How should the UK’s occupational health challenges best be addressed? The booklet ‘Public Policy Seminar on Health and Well-being of Working Age People’, published jointly by the Economic and Social Research Council (ESRC), the Department of Health (DOH), the Department for Work and Pensions (DWP) and the Health and Safety Executive (HSE) highlights some current evidence on health, work and well-being, identifies key areas for future research and explores potential interventions to improve workplace health from the perspective of employers, employees and those currently out of employment.
Professor Ian Diamond, ESRC Chief Executive outlines the current occupational health issues. “In a modern world where rising dependency ratios and global market forces place an ever-greater burden on those of working age in supporting others, their health is becoming of increasing importance for Government policymaking,” Professor Diamond explains. “As the balance of the economy continues to shift from manufacturing towards service provision, the type of risks workers face, the hazards they are exposed to, and the injuries people sustain as a result of employment will continue to change.
“Indeed the whole terrain of occupational health is transforming,” he continues. “And concentration on problems such as absenteeism and accidental injury is giving way to a broader vision of what a healthier and happier and more productive workforce can achieve in terms of higher performance and productivity.”
To address the changing terrain of occupational health will require further evidence-based policymaking. And, in the booklet ‘Public Policy Seminar on Health and Well-being of Working Age People’, policymakers, researchers and occupational health experts highlight those areas which merit more research evidence before robust policies can be formulated.Says Jonathan Rees, Deputy Chief Executive, Health and Safety Executive:
Dr Bill Gunnyeon, Director, Health Work and Well-being and Chief Medical Adviser, Department for Work and Pensions, adds: “We know that being out of work has negative health effects and can lead to social exclusion, health inequalities and relative poverty for individuals and their families. Being in work brings positive benefits in building self confidence, maintaining self esteem, ensuring social contact and allowing individuals to optimise opportunities for themselves and their families. And this in turn has benefits for communities and for society as a whole. Against this background it is clear that we need to support people with health conditions and disabilities to help them remain in or wherever possible to return to work. Further research is now needed to establish how we as a society can rise to the challenges posed in securing healthier, safer, happier and more productive workplaces.”
Dr Craig Jackson who led the first of the two ESRC Public Policy Seminars in July 2006 on worker health and well-being confirms the need for a stronger evidence base. “Policymakers are currently developing strategies to improve the health and well-being of current and potential employees. But to succeed these strategies will need collective support from individuals, families, communities and employers. It is vital, therefore, that this ambitious agenda for change is built on a firm evidence base.”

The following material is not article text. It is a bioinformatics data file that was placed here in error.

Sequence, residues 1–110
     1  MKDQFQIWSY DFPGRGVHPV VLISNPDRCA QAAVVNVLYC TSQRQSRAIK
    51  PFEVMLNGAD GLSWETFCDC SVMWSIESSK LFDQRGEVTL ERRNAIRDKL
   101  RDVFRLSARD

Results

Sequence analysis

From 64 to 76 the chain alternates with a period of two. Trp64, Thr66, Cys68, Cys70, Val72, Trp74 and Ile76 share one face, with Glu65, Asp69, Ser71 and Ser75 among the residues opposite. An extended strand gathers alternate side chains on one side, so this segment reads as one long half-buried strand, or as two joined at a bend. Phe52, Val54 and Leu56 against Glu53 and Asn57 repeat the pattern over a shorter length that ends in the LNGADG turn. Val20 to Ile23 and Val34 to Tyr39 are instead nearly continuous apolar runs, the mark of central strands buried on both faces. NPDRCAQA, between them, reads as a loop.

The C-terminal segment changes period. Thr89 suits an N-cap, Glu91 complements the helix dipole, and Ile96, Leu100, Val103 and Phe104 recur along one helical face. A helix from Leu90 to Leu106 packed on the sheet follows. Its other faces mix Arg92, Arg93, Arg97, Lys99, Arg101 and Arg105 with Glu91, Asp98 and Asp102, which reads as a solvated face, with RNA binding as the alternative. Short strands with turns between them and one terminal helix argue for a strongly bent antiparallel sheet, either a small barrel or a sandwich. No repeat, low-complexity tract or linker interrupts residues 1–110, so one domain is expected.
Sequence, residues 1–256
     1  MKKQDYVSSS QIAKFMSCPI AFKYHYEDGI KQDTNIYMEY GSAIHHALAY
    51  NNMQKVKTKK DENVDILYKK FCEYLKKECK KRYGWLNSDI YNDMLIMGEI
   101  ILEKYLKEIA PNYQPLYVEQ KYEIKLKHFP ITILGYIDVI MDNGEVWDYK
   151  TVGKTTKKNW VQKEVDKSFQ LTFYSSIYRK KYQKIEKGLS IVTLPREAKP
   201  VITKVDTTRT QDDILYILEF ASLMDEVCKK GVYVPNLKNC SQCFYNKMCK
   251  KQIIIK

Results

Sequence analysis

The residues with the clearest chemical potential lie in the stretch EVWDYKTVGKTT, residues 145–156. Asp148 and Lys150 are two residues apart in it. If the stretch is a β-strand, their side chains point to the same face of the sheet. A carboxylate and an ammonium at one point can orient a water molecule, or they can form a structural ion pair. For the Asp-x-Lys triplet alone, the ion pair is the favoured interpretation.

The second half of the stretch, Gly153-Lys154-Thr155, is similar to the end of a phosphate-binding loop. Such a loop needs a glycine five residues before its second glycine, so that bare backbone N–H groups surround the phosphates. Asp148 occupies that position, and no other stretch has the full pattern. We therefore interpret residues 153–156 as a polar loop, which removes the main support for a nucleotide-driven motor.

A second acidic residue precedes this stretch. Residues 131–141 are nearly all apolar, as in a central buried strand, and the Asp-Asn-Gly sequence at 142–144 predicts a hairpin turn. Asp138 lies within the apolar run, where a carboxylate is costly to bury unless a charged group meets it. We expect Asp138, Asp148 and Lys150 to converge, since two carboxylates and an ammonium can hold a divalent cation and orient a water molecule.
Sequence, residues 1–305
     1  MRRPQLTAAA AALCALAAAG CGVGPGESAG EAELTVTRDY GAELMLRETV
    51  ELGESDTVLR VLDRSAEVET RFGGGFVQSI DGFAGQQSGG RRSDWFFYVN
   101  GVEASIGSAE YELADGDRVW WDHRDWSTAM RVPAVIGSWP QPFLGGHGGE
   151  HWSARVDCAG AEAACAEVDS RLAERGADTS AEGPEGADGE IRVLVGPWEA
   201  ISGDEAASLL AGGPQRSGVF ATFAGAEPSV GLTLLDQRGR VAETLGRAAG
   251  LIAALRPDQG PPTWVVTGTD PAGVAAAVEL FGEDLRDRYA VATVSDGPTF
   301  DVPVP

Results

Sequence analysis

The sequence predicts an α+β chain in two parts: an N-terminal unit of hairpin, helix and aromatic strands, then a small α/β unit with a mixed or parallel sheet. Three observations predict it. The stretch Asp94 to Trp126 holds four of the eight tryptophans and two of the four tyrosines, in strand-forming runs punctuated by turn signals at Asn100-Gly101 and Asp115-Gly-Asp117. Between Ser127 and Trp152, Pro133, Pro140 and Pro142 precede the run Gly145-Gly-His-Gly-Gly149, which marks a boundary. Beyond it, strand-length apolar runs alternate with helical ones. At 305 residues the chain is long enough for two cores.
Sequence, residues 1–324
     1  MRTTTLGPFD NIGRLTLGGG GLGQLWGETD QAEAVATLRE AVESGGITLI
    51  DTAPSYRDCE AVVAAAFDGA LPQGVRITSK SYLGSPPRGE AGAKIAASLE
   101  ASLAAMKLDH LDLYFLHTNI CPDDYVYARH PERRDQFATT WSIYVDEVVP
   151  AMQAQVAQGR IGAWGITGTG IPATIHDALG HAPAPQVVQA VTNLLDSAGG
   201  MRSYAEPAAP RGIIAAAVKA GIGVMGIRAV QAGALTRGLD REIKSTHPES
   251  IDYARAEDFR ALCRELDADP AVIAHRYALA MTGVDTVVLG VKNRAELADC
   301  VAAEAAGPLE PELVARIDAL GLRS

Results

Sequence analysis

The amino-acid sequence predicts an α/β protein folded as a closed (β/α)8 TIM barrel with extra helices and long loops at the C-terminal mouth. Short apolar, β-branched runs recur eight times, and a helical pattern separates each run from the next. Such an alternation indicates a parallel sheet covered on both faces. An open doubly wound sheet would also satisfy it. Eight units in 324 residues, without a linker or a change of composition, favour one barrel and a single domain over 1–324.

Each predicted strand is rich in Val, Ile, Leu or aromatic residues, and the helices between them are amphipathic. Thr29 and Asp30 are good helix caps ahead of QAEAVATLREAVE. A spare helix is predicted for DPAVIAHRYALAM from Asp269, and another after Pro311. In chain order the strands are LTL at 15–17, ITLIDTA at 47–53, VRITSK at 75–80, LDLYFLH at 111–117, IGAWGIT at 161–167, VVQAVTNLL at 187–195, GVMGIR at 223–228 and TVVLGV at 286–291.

Annika Howard | alfa
The competitive edge: Dietary competition played a key role in the evolution of early primates
01.08.2018 | Grand Valley State University
Diversity and education influence India’s population growth
31.07.2018 | International Institute for Applied Systems Analysis (IIASA)
New design tool automatically creates nanostructure 3D-print templates for user-given colors
Scientists present work at prestigious SIGGRAPH conference
Most of the objects we see are colored by pigments, but using pigments has disadvantages: such colors can fade, industrial pigments are often toxic, and...
Scientists at the University of California, Los Angeles present new research on a curious cosmic phenomenon known as "whistlers" -- very low frequency packets...
Scientists develop first tool to use machine learning methods to compute flow around interactively designable 3D objects. Tool will be presented at this year’s prestigious SIGGRAPH conference.
When engineers or designers want to test the aerodynamic properties of the newly designed shape of a car, airplane, or other object, they would normally model...
Researchers from TU Graz and their industry partners have unveiled a world first: the prototype of a robot-controlled, high-speed combined charging system (CCS) for electric vehicles that enables series charging of cars in various parking positions.
Global demand for electric vehicles is forecast to rise sharply: by 2025, the number of new vehicle registrations is expected to reach 25 million per year....
Proteins must be folded correctly to fulfill their molecular functions in cells. Molecular assistants called chaperones help proteins exploit their inbuilt folding potential and reach the correct three-dimensional structure. Researchers at the Max Planck Institute of Biochemistry (MPIB) have demonstrated that actin, the most abundant protein in higher developed cells, does not have the inbuilt potential to fold and instead requires special assistance to fold into its active state. The chaperone TRiC uses a previously undescribed mechanism to perform actin folding. The study was recently published in the journal Cell.
Actin is the most abundant protein in highly developed cells and has diverse functions in processes like cell stabilization, cell division and muscle...
17.08.2018 | Event News
08.08.2018 | Event News
27.07.2018 | Event News
17.08.2018 | Physics and Astronomy
17.08.2018 | Information Technology
17.08.2018 | Life Sciences